In an attempt to harness the momentum to make Europe ready for the digital age, European Lotteries, the European Casino Association, and the World Tote Association have joined forces.
This follows the appeal by the European Commission for an ambitious digital space reform after revealing its plans for the Digital Services Act and the Digital Markets Act, which were subsequently endorsed by the European Gaming and Betting Association.
The Trifecta notes that in the fight against illegal online gambling, there has never been better time, as the crime leaves customers exposed and poses a major stumbling block in the fight against money laundering.
An open letter from the Alliance on the fight against illegal gambling states: “The Digital Services Act package foresees a notice-and-action mechanism. Such mechanism will enable all users to notify online intermediaries about potentially illegal online content or activities and to help the latter to react quickly and be more transparent regarding the actions taken.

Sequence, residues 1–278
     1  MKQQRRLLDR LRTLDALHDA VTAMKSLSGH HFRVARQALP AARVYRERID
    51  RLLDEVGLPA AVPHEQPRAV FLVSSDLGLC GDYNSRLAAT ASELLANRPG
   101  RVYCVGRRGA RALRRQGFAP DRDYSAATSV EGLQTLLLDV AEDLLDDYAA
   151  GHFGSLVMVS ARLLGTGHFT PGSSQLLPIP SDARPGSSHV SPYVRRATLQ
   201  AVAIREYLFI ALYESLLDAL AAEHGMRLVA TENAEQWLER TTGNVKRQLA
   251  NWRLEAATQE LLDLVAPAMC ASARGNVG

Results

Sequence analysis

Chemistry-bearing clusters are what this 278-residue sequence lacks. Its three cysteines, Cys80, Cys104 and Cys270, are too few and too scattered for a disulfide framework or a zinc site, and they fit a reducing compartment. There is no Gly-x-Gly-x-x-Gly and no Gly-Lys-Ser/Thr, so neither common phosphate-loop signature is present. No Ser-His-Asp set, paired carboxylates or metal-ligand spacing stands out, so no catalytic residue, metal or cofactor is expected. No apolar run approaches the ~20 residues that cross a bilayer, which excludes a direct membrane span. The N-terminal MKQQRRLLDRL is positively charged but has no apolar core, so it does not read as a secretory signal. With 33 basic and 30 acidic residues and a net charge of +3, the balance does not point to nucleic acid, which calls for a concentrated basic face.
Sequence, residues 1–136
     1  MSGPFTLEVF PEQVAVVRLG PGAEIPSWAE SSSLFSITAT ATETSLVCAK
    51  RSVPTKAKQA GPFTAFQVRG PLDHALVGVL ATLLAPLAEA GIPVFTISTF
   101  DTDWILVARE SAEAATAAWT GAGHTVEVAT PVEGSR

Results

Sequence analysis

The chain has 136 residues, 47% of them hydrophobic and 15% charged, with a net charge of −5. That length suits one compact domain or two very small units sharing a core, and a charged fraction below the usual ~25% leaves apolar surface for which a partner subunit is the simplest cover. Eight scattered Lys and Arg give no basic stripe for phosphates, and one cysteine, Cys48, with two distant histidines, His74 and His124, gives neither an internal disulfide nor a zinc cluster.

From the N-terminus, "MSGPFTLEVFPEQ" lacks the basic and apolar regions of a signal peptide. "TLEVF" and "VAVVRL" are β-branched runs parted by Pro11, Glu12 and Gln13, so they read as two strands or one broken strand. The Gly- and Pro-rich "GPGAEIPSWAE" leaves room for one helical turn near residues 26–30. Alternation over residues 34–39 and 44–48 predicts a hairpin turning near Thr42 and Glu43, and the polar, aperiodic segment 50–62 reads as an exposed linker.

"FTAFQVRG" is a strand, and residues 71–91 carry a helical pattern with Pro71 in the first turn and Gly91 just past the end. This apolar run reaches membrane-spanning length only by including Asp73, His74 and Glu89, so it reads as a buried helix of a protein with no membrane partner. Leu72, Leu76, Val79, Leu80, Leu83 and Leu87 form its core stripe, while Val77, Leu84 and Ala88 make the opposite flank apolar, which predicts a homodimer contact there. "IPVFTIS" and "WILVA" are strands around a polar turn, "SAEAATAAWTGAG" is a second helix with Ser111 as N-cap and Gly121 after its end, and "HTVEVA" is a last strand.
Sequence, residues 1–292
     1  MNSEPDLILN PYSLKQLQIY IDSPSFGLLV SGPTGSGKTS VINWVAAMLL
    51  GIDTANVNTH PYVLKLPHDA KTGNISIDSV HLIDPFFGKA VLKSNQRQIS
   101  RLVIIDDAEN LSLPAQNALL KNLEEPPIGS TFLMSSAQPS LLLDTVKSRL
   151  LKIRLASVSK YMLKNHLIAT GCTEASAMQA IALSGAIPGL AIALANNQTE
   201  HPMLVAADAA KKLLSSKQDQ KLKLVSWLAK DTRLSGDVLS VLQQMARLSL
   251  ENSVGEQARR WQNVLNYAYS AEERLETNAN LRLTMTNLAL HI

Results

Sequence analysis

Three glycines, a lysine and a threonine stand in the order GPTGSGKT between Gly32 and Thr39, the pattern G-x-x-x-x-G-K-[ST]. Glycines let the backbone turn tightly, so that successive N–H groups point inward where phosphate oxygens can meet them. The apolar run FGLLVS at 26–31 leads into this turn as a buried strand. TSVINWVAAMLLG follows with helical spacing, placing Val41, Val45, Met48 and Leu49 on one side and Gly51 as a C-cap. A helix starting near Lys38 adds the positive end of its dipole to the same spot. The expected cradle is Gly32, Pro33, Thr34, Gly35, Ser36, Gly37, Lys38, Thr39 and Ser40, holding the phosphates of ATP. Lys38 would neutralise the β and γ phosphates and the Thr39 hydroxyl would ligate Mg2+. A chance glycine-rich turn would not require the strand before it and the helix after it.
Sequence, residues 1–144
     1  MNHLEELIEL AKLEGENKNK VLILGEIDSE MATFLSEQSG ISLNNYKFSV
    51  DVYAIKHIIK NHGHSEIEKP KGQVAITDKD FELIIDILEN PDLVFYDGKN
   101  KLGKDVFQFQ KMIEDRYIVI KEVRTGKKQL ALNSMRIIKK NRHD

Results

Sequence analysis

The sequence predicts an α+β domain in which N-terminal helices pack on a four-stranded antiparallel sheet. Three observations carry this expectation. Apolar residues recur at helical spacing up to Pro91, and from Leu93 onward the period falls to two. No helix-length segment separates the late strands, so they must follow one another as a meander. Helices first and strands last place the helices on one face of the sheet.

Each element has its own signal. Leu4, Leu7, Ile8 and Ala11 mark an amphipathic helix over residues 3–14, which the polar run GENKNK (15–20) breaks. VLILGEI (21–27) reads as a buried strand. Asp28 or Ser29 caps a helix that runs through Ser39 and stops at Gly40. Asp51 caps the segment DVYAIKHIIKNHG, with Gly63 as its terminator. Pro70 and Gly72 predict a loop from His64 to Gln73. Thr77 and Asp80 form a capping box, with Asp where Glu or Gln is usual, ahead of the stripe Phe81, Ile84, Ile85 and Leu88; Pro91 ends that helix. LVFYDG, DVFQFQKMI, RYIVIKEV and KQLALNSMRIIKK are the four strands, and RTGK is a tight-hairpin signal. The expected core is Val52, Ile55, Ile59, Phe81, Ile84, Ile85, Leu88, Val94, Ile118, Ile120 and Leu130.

“Our alliance sees this as an important improvement in the fight against illegal online gambling offerings, and looks forward the enforcement and implementation of these measures by the involved stakeholders to protect the interests of all EU citizens.
“Illegal gambling operators offer their services online to players located in multiple EU member states without having obtained any license in such national markets.
“These practices are illegal and detrimental for consumers and state budgets, as there is no mutual recognition of national licenses in the gambling sector within the EU and no sector-specific EU legislation in that field is needed.”
In addition, the EL, ECA and WoTa also appear to illustrate a number of negative traits brought on by illegal gambling operators, namely:
- Do not respect the laws and regulations set up by the national regulators of the EU member states where they provide their services.
- Make it practically impossible to protect consumers and especially a vulnerable population from the risks of overconsumption.
- Can enhance the emergence of social problems and crime and constitute a major problem in the fight against money laundering.
- Often do not pay taxes in the national markets where their players are located and do not contribute to any public good or specific charities.
- Represent an unfair and unequal competition to the nationally licensed and authorised gambling operators, threatening their legal business models and the substantial sustainable economic and social contribution they provide to EU member states.
The alliance represents over 150 gaming and lottery operators in Europe, with 350,000 independent lottery sales outlets and about 900 casinos, all contributing more than EUR 35 billion annually to good causes and government budgets.